Gluten is a general name for the proteins found in wheat, rye, and barley. Researchers have found a connection between gluten and increased inflammation. This suggests that cutting back on gluten may ease symptoms of arthritis. [8, 9]

Another interesting link has to do with celiac disease, an autoimmune disorder that is largely triggered by the consumption of gluten. People with celiac disease are at a higher risk of developing RA, while those with RA have a significantly higher prevalence of celiac disease then the general population. [10, 11]

A year-long study which looked at people with RA found that a gluten-free, vegan diet significantly reduced the symptoms of RA and improved inflammation. [9, 12]

Research is still underway to determine if a gluten-free diet on its own will have the same impact on RA symptoms. But for the time being, you may find cutting back could be a great help!

4. Highly processed foods

Unfortunately, too many foods on the grocery shelves are processed, containing refined grains, added sugar, trans-fats, preservatives, and other inflammatory-causing foods. This goes for fast food which is convenient and tempting in our busy lives.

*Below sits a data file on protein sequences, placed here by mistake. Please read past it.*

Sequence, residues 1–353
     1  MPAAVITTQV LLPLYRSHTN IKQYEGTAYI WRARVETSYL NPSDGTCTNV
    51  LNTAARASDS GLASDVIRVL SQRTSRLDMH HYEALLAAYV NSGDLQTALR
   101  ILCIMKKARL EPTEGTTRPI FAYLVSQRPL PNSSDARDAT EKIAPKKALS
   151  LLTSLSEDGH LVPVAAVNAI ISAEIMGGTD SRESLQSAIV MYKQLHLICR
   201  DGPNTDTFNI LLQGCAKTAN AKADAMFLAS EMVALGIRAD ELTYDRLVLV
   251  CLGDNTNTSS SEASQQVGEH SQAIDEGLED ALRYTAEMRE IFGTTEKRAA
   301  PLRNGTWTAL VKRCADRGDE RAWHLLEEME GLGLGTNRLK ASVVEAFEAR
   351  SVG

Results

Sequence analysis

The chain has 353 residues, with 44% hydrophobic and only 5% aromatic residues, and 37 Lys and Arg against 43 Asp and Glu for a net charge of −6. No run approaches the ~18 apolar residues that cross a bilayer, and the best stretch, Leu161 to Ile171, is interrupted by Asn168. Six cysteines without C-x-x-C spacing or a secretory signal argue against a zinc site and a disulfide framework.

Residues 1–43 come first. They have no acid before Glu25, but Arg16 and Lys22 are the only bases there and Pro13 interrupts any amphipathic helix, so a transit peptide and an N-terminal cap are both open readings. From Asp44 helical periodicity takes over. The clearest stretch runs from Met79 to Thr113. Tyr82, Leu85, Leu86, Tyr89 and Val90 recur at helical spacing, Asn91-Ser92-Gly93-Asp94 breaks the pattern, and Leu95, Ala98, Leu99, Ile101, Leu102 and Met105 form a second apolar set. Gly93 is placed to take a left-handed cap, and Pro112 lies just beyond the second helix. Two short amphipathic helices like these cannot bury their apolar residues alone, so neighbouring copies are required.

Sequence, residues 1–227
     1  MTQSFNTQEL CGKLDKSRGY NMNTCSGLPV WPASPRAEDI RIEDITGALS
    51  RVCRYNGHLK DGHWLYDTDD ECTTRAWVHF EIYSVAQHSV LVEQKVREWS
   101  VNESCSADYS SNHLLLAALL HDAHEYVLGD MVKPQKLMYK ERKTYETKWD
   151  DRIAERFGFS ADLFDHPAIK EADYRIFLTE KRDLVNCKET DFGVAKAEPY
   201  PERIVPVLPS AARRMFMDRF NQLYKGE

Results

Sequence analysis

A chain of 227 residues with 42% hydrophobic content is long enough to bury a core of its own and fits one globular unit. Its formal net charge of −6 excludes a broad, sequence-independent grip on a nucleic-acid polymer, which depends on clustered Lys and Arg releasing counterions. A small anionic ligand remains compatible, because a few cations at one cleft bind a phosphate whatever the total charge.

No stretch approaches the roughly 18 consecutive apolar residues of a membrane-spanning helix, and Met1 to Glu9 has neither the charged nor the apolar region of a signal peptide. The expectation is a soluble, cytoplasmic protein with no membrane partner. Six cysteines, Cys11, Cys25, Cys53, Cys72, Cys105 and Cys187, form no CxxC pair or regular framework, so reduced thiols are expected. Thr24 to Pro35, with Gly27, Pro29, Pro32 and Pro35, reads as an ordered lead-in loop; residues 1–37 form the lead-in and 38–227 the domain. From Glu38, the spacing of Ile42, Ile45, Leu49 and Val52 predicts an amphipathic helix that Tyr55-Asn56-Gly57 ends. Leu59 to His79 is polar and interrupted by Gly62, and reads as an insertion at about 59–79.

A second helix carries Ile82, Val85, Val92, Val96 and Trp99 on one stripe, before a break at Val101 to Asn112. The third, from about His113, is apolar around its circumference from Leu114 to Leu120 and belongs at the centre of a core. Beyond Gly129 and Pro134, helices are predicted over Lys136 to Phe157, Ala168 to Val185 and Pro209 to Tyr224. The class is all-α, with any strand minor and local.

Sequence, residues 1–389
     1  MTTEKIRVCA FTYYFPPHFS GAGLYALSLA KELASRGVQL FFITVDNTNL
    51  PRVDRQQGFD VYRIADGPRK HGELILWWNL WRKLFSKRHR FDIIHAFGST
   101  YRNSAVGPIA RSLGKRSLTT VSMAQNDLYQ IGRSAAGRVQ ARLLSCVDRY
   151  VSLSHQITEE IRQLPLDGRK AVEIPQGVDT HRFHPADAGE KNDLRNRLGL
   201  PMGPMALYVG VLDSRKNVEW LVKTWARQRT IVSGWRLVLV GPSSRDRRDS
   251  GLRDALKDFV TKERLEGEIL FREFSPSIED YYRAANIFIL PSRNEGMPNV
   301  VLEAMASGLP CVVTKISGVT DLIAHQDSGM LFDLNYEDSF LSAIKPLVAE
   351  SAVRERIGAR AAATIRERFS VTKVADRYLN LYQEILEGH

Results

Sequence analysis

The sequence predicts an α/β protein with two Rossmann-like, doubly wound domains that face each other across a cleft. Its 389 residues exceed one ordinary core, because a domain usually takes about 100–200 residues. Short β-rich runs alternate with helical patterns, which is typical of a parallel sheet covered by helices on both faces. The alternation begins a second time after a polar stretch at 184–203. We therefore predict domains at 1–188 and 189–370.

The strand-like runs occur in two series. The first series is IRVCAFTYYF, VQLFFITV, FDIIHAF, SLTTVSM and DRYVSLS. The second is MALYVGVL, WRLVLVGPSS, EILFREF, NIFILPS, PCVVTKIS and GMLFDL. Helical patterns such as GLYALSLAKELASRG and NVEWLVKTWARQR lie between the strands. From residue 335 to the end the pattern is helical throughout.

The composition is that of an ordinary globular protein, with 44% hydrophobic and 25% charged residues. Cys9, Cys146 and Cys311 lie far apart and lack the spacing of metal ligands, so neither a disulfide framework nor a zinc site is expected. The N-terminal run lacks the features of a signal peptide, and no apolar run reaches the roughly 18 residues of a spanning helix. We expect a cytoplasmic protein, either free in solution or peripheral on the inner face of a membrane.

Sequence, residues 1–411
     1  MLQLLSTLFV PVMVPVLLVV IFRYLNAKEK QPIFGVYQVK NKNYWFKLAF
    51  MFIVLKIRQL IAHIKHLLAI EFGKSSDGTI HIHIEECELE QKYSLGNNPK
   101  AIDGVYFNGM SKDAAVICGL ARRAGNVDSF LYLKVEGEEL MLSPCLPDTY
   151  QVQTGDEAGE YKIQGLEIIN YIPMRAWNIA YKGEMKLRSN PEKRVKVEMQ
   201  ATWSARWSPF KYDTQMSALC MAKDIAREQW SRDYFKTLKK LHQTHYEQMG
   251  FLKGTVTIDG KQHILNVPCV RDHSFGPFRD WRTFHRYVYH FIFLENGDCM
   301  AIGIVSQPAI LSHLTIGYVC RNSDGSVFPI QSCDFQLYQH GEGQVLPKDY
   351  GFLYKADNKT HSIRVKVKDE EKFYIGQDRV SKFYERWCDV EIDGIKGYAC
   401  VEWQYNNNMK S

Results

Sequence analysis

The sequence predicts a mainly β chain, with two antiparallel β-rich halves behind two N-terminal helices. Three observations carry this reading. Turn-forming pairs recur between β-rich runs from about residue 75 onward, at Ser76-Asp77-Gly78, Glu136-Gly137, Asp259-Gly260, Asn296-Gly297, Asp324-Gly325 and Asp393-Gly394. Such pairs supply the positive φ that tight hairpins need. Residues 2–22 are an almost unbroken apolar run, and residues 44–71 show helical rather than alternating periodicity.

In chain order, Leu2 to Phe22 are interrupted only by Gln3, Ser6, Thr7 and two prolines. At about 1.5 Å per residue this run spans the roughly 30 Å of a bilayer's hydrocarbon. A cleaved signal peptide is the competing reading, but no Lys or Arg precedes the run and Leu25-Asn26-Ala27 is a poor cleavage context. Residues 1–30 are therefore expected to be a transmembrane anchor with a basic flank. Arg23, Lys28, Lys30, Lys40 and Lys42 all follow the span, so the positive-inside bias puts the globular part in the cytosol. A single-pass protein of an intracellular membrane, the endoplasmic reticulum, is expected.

Research suggests that these heavily processed Western diets can increase the risk of developing RA because they cause inflammation. [13, 14]

On top of that, a study involving RA patients found that eating higher amounts of processed foods can increase the risk of heart complications. [15]

So, not only are your RA symptoms going to be worse with processed foods, so will your overall health.

5. Alcohol

Unsurprisingly, alcohol has been shown to worsen arthritis symptoms. 

One study found a clear link between alcohol consumption and an increase in joint damage for those with arthritis. [16]

Several studies also show that alcohol can increase the severity of gout specifically. [17, 18, 19, 20]

Additionally, chronic alcohol consumption may contribute to an increased risk of developing osteoarthritis. [21, 22]

6. Vegetable oils

Certain vegetable oils may worsen symptoms of arthritis. This is because a diet filled with too much vegetable oil can lead to an imbalanced ratio of omega 6 fats and omega 3 fats. [23, 24]

While these fats are necessary for optimal health, it’s the imbalance commonly found in Western diets that may increase inflammation. [23]

If you’re struggling with arthritis or other forms of chronic inflammation, try reducing your intake of foods high in omega 6 fats, like vegetable oils, and increase your intake of omega 3-rich foods, like fish.